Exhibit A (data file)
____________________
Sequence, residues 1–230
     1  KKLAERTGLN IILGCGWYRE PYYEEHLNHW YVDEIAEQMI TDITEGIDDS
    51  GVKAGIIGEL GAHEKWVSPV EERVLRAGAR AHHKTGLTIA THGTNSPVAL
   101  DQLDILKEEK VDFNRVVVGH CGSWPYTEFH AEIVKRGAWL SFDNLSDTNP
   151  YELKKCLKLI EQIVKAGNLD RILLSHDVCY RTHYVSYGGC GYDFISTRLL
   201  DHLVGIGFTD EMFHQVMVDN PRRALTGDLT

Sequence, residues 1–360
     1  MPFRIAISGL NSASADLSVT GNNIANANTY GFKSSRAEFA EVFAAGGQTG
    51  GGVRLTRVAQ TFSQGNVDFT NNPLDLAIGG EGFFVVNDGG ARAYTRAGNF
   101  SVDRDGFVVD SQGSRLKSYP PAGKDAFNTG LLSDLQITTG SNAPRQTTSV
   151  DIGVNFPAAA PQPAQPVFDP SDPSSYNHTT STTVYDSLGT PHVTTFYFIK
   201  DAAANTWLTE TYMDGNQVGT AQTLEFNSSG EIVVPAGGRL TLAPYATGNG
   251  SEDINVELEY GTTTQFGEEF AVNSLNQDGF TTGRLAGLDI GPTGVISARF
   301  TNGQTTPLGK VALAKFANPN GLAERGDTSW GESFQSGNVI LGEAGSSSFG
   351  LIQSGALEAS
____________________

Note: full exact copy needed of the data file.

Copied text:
Sequence, residues 1–230
     1  KKLAERTGLN IILGCGWYRE PYYEEHLNHW YVDEIAEQMI TDITEGIDDS
    51  GVKAGIIGEL GAHEKWVSPV EERVLRAGAR AHHKTGLTIA THGTNSPVAL
   101  DQLDILKEEK VDFNRVVVGH CGSWPYTEFH AEIVKRGAWL SFDNLSDTNP
   151  YELKKCLKLI EQIVKAGNLD RILLSHDVCY RTHYVSYGGC GYDFISTRLL
   201  DHLVGIGFTD EMFHQVMVDN PRRALTGDLT

Sequence, residues 1–360
     1  MPFRIAISGL NSASADLSVT GNNIANANTY GFKSSRAEFA EVFAAGGQTG
    51  GGVRLTRVAQ TFSQGNVDFT NNPLDLAIGG EGFFVVNDGG ARAYTRAGNF
   101  SVDRDGFVVD SQGSRLKSYP PAGKDAFNTG LLSDLQITTG SNAPRQTTSV
   151  DIGVNFPAAA PQPAQPVFDP SDPSSYNHTT STTVYDSLGT PHVTTFYFIK
   201  DAAANTWLTE TYMDGNQVGT AQTLEFNSSG EIVVPAGGRL TLAPYATGNG
   251  SEDINVELEY GTTTQFGEEF AVNSLNQDGF TTGRLAGLDI GPTGVISARF
   301  TNGQTTPLGK VALAKFANPN GLAERGDTSW GESFQSGNVI LGEAGSSSFG
   351  LIQSGALEAS